A conversation with Grahame Sydney about his involvement with the Maniototo.
How did your involvement with the Maniototo begin?
When I was 13 or 14 my parents built a little crib in Arrowtown, where we went for holidays. Getting there from Dunedin usually meant going the fast way through Lawrence and Roxburgh into the only landscape that was considered worth seeing – the Lakes district. But sometimes Dad would get it into his head – against an overall protest from the family – to go the boring way through the Pigroot. Those journeys were my first exposure to the Maniototo. Through them I became aware of the magnificent vast empty interior of Otago.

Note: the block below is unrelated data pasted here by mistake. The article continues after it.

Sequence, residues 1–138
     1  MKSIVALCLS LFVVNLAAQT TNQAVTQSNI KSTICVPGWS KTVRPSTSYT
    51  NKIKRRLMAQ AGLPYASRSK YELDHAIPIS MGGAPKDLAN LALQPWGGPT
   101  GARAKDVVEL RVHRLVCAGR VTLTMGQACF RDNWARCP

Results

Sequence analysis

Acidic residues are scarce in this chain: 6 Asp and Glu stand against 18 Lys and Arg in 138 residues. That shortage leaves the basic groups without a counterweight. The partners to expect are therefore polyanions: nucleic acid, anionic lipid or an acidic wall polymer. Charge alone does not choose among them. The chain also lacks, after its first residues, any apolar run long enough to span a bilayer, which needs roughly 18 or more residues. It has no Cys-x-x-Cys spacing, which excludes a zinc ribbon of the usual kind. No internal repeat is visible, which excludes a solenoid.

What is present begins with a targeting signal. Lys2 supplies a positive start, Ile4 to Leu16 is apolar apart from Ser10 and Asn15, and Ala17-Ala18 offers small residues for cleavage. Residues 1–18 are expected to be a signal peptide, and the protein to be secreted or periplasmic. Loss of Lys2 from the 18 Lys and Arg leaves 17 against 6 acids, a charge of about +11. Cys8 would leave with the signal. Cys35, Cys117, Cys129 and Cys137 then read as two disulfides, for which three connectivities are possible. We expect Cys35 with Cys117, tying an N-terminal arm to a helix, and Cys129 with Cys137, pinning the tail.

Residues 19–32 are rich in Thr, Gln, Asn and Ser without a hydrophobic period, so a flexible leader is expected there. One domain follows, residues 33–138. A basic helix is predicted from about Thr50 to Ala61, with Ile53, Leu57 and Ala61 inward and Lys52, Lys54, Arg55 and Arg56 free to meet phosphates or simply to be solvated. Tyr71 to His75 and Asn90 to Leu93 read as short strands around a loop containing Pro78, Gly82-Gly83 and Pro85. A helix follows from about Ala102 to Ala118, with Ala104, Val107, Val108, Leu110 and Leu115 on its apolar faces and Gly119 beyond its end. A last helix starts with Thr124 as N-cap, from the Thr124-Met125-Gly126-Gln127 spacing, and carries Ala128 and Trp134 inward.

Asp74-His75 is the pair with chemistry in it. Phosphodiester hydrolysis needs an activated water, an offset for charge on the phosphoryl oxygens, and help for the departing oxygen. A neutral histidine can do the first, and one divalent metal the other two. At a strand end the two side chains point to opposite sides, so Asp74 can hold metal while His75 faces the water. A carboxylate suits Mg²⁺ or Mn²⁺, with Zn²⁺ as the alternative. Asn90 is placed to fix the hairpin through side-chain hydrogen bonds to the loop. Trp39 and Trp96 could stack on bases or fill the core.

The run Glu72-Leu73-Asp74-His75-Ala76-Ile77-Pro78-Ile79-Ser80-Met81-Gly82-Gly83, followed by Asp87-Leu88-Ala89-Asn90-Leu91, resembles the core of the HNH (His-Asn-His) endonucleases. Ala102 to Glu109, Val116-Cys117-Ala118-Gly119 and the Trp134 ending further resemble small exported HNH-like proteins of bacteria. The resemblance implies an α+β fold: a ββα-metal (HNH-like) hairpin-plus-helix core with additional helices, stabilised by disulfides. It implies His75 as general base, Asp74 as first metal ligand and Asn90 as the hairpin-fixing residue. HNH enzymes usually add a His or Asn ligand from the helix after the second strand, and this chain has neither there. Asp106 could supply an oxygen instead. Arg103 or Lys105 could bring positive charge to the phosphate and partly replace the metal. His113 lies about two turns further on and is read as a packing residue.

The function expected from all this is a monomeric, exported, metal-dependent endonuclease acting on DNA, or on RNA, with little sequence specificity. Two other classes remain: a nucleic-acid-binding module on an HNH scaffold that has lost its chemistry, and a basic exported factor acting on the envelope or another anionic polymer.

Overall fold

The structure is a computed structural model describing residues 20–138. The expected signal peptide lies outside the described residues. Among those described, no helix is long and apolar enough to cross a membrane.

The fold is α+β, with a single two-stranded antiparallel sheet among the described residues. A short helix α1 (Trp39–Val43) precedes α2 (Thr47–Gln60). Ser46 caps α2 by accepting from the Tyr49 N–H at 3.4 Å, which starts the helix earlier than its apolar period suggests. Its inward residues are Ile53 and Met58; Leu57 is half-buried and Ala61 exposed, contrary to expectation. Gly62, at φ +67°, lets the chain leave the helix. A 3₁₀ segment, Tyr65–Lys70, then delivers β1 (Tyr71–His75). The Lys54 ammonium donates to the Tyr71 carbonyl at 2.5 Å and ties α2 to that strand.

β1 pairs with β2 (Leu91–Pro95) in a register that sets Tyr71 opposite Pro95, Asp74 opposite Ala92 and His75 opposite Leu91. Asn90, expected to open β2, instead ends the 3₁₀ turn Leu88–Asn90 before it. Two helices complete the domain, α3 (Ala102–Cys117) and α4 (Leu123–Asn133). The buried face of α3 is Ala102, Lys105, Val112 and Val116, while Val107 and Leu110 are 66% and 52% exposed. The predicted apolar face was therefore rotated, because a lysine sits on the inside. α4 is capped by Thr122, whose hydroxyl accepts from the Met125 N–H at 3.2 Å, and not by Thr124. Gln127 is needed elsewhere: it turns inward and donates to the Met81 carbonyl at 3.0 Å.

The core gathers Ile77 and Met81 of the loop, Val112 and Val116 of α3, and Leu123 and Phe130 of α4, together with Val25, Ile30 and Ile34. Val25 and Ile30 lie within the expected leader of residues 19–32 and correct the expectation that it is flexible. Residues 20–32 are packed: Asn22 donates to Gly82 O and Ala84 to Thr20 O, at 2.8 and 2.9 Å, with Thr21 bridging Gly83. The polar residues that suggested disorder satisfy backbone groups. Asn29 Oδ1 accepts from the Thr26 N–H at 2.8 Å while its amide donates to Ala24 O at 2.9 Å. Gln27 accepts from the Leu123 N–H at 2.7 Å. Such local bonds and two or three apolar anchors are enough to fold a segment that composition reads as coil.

And the Maniototo suits slow art? Very much so, and slow people. In places like this, where there is so little going on, you feel very much more acutely your own insignificance. And that’s essential for me. I love the fact that in places like this Nature keeps winning. Whereas in places like Queenstown and Wanaka commerce pretends to have the upper hand. Indeed, is ruinously demonstrating it. The beauty of the Maniototo is elusive, and it’s that elusiveness that I love the idea of trying to find. My role in life, I think, has become one of trying to find beauty where others don’t find it. By turning common things into art your add beauty to the world. Elevate the ordinary, I heard someone call it. Those two elements, the inward journey of what I do and the looking for beauty in unexpected places – making beautiful what nature hasn’t necessarily made beautiful – I think that’s me in a